In the meantime, many states and the utility industry are moving forward with developing compliance strategies.

“Meeting these challenges requires leadership from the local, state, and federal government to support the development of all of West Virginia’s energy resources on a level playing field," said Downstream Strategies President Evan Hanson. This would put West Virginia on a path to lower our carbon pollution to meet our Clean Power Plan obligations, while fostering additional job growth and new economic opportunities.”

The report presents two scenarios that illustrate how the state can achieve compliance by integrating natural gas, renewable energy, and energy efficiency into its energy mix.

“The state would be well-served to take advantage of the flexibility afforded by the rule," Hansen said. "An ‘all-of-the-above’ energy strategy would provide long-term economic, social, and environmental benefits in West Virginia.”

The report is available from either the Center’s website at or Downstream Strategies’ website at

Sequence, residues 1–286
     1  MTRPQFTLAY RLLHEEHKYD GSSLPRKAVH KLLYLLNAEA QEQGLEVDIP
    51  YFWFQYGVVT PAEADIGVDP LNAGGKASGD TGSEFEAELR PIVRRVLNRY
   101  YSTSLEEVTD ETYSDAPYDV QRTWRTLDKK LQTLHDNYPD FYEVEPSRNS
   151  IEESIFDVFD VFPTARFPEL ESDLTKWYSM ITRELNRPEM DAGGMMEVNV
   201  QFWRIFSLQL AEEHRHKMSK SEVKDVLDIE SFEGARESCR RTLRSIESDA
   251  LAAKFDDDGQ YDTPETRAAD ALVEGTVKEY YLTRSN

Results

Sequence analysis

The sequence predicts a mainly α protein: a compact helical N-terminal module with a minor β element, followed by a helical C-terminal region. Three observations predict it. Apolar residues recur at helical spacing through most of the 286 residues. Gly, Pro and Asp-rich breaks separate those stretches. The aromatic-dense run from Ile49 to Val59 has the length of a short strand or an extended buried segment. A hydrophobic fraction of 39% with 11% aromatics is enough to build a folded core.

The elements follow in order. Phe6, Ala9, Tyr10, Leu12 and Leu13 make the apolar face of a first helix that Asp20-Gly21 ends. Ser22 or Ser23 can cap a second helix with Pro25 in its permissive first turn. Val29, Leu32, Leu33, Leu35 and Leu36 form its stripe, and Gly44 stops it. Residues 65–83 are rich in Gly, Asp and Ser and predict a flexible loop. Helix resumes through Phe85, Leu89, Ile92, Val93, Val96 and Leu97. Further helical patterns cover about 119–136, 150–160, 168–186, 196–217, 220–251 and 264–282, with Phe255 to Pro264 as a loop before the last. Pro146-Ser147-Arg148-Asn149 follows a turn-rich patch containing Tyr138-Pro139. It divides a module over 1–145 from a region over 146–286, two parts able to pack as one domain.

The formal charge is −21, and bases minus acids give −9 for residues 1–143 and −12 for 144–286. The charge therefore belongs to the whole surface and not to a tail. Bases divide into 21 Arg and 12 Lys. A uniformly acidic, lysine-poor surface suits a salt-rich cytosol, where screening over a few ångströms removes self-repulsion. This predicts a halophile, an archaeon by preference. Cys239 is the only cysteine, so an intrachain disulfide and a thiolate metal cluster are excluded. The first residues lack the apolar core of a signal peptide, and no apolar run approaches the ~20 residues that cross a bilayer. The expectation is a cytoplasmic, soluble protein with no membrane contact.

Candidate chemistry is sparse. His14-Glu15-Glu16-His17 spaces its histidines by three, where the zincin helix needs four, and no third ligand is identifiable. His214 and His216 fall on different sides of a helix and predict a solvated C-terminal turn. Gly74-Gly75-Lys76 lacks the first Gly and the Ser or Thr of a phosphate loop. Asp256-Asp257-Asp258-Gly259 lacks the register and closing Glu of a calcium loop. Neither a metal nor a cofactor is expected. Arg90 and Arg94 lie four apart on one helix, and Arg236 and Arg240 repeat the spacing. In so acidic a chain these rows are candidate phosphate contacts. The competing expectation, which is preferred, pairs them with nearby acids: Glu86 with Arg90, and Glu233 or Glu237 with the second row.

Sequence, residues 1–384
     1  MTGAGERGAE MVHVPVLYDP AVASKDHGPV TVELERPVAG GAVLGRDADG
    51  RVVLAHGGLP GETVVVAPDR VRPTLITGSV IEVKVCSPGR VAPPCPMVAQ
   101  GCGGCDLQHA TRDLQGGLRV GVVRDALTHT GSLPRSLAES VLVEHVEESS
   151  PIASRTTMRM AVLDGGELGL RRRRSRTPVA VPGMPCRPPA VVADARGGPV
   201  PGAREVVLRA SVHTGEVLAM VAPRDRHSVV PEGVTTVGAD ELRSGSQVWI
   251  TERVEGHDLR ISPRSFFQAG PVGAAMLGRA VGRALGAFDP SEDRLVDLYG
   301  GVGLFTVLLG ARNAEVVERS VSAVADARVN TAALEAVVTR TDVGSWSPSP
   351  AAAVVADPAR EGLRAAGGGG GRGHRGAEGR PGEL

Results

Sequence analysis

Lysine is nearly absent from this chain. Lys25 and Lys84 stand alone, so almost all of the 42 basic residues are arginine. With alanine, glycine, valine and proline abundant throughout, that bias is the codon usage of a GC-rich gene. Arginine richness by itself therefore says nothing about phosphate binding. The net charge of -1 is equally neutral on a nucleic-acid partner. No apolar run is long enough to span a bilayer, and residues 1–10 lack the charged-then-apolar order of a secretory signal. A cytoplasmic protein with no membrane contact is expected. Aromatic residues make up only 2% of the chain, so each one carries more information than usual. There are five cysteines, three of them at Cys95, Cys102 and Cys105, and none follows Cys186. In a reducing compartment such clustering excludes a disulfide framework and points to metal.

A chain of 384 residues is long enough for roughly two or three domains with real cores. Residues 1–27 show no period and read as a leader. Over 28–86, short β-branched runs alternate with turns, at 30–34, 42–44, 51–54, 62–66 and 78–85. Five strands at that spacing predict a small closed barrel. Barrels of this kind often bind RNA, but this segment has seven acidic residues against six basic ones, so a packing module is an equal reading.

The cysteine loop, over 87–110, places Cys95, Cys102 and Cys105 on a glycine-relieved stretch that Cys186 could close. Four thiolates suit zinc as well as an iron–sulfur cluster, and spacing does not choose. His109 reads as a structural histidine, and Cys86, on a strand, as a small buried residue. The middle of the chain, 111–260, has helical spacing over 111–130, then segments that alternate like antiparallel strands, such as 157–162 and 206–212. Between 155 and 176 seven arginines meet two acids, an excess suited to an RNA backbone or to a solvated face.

About the Center for Energy and Sustainable Development 

The Center for Energy and Sustainable Development is an energy and environmental public policy and research organization founded at the WVU College of Law in 2011. The Center focuses on promoting practices that will balance the continuing demand for energy resources—and the associated economic benefits—alongside the need to reduce the environmental impacts of developing the earth’s natural resources. The Center’s 2014 annual national energy conference examined the impacts of regulation of power plant CO2 emissions on coal-dependent states and highlighted options for those states moving forward, and its 2016 conference examined the impact of the current transition in the energy industry on coal mining communities in West Virginia.